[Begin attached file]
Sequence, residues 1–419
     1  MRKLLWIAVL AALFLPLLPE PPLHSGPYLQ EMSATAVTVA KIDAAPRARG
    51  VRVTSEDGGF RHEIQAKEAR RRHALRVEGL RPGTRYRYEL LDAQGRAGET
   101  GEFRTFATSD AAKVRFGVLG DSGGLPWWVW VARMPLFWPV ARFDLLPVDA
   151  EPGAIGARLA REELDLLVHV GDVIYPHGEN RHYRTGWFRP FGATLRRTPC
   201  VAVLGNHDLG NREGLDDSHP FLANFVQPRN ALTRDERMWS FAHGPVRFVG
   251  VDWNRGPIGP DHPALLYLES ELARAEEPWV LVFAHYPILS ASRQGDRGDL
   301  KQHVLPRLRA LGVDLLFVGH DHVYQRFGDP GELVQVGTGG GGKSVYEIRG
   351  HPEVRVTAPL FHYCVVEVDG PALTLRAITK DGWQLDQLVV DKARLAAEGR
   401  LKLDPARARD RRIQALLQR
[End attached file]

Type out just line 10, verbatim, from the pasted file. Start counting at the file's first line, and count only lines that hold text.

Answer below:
   401  LKLDPARARD RRIQALLQR